Pugh announces next steps to get Civilian Review Board up and running—it's still a mess though

City Paper

The wheels are in motion to get the Civilian Review Board, the citizen-run independent police oversight agency, started in Baltimore—semi-formally announced on the day the CRB was supposed to meet for the first time.

OK, some background: Last week, Mayor Catherine Pugh's office gave us the runaround when we asked for names and details about the Civilian Review Board, which it turned out did not exist yet. Then, Jill Carter, director of the Office of Civil Rights and Wage Enforcement, told us she was confident it would come together and that she had sent candidate recommendations to Pugh a month earlier.

Pugh's spokesperson, Anthony McCarthy, told us that the mayor was working on it and that it would all be sorted out before the CRB meeting scheduled for April 20. McCarthy did not answer follow-up questions about the nomination process—questions about the names Carter submitted to Pugh, whether people would be prepared to attend the scheduled April 20 meeting, whether the nominees had been briefed on the process, and about contacting nominees.

Early this morning, Carter said she knew today's meeting would be canceled but said she was told letters had indeed been sent out, indicating that the ball was rolling.

At a press conference highlighting the Community Oversight Task Force, Pugh publicized a new website dedicated to all things related to the consent decree but offered few details on the Civilian Review Board, even after The Baltimore Sun's Kevin Rector asked about it. He and the rest of the reporters at the presser were told they could get the names from City Council.

Rector later tweeted out the names, which he got from City Council President Bernard C. "Jack" Young. They are: Dr. Danielle Carter Kushner (East), Blair Thompson (Southeast), Andrew Reinel (South), Dr. Melvin Currie (Southwest), Dr. Bridal Pearson (North), Danielle Williamson (Central), Leslie Parker Blyther (West), Frederick Jackson (Northwest), and Michael Ross (Northeast).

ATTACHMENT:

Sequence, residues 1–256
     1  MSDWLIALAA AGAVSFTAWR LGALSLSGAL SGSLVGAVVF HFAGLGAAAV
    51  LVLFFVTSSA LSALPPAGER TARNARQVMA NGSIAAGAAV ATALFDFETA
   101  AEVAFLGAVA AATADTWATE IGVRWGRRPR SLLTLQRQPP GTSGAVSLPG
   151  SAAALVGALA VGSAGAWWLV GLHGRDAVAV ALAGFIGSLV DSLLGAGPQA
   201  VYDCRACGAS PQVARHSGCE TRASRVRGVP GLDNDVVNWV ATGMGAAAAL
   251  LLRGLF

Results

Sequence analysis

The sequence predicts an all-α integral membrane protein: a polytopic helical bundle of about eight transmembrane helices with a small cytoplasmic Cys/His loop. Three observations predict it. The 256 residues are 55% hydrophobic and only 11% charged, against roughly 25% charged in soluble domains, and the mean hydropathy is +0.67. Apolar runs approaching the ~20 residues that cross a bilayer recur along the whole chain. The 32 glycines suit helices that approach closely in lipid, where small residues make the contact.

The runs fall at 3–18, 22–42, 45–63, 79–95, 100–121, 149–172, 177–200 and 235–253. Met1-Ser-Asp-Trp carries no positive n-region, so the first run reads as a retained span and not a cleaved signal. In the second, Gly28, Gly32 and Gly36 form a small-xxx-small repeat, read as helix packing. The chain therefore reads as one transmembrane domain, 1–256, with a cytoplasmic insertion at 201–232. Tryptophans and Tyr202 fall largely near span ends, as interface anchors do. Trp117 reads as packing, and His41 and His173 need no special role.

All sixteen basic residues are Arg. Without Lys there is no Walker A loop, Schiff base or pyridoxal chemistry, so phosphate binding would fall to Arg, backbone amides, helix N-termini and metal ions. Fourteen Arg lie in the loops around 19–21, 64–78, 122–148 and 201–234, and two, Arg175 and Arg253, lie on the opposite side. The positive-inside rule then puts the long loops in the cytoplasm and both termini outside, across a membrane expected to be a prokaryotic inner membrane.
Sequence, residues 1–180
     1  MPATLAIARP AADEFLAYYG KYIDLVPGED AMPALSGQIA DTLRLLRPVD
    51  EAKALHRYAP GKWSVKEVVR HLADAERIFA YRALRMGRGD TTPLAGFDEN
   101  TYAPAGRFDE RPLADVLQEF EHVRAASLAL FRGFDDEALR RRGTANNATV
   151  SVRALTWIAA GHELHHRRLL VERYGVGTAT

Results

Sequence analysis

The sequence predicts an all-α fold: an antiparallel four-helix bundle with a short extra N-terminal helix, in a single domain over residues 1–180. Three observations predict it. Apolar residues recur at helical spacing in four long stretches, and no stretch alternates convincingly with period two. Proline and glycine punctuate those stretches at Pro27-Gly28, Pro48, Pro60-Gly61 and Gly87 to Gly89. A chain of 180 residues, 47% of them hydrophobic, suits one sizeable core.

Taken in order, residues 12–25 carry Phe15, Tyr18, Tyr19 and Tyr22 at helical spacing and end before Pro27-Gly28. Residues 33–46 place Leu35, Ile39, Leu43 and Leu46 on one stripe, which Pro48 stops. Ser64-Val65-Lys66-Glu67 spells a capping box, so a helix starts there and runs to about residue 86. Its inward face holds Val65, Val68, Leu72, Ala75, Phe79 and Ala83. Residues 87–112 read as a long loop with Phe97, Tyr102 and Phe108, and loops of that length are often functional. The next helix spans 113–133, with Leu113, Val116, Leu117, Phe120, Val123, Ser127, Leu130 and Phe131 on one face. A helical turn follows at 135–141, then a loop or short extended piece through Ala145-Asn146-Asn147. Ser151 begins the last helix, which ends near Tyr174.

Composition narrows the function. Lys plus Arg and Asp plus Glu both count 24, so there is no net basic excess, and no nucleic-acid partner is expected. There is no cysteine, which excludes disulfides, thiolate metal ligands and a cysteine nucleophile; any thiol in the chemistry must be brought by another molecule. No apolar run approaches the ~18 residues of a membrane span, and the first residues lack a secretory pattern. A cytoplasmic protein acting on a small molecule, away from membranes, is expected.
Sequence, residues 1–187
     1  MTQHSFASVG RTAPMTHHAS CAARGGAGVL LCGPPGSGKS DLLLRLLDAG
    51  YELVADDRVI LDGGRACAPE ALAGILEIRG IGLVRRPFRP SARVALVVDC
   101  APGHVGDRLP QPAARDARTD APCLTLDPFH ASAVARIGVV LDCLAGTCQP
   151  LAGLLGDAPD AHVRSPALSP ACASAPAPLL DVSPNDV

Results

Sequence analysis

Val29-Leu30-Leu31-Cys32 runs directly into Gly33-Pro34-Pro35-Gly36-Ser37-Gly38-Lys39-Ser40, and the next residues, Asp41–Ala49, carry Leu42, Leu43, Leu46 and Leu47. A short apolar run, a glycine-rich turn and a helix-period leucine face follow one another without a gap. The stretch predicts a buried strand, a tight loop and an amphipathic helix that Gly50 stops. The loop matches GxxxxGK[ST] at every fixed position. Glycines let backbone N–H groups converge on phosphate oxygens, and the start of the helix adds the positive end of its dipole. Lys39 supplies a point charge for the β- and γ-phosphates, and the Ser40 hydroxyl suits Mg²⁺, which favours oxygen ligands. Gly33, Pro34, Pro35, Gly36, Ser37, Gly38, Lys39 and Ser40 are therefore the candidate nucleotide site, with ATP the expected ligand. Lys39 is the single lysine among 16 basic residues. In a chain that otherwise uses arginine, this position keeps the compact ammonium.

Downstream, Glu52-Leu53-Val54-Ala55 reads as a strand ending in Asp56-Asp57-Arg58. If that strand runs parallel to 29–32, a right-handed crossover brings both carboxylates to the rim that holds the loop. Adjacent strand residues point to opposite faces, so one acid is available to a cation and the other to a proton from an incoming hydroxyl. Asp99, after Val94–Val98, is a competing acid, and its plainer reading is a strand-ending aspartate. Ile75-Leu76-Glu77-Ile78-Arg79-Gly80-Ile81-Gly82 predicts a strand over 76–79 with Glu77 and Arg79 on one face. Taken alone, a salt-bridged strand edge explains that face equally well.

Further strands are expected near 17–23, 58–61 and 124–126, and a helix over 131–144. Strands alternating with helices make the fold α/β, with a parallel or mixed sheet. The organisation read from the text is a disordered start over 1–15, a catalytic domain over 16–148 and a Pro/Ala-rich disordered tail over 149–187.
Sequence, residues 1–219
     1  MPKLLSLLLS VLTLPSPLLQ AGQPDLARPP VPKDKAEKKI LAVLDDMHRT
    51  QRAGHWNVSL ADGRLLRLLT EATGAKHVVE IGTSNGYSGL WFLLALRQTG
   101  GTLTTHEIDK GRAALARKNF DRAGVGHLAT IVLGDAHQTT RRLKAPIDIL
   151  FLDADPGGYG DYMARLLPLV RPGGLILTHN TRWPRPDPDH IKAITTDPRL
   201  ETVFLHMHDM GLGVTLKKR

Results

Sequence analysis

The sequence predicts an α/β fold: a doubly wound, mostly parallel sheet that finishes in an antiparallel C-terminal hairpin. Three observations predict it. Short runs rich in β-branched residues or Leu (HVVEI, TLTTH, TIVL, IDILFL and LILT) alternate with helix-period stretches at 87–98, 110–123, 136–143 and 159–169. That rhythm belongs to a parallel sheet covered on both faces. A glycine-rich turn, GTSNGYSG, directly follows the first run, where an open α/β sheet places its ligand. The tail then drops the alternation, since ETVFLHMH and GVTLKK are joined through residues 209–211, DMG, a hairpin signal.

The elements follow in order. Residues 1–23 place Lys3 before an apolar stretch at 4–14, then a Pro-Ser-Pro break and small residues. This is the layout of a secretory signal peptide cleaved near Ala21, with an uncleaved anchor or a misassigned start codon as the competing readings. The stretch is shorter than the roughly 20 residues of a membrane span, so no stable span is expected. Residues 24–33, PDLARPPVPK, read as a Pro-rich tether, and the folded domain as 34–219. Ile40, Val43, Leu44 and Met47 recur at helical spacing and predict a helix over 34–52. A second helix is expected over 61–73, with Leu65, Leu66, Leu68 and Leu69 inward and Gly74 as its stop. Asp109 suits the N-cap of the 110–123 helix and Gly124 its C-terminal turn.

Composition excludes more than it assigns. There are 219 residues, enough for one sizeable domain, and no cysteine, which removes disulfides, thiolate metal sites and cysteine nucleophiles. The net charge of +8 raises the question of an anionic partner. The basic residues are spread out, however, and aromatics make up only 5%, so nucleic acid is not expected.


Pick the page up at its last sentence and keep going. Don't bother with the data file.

Carter confirmed with City Paper that those names are "among [her] recommendations of persons who meet the requirements."

A source in City Hall who asked not to be named told City Paper that the announcement of the CRB was rushed and seemingly an afterthought, even into this morning.

City Paper has learned that at least two of the nominees were not told they had been recommended for the board.

Following Pugh's press conference, Carter sent City Paper a proposed timeline for the CRB approval process: Nominees will be announced April 24; a City Council hearing, where the names of the nominees will be presented to the whole council, will happen on May 3; a second hearing, after the Executive Committee votes, is set for May 8; and a final approval is scheduled for May 15. After that will be the first CRB meeting.

Among other things, this means that what McCarthy told City Paper back on April 11—that the scheduled April 20 meeting would go as planned—was pretty much an impossibility since the approval of the CRB nominees requires multiple City Council hearings. City Paper reached out to McCarthy about this and he has not yet responded.

City Paper also reached out to grassroots group Baltimore Bloc, which had four members apply to be on the board (one of them, Ralikh Hayes, applied and then was asked to reapply as he described here); none of them were chosen.

"We're disappointed in the lack of transparency around the selection process, especially since the CRB is supposed to increase transparency and trust. We are also disappointed that the activist community is almost completely missing from the board, despite several longtime community activists having applied," Baltimore Bloc said in a written statement. "For the CRB to be effective, it needs to be adjusted according to the suggestions Jill Carter and many others have been making. The composition and structure of the current board would seem to indicate that the mayor and administration aren't really taking seriously the need for civilian oversight. We aren't surprised."

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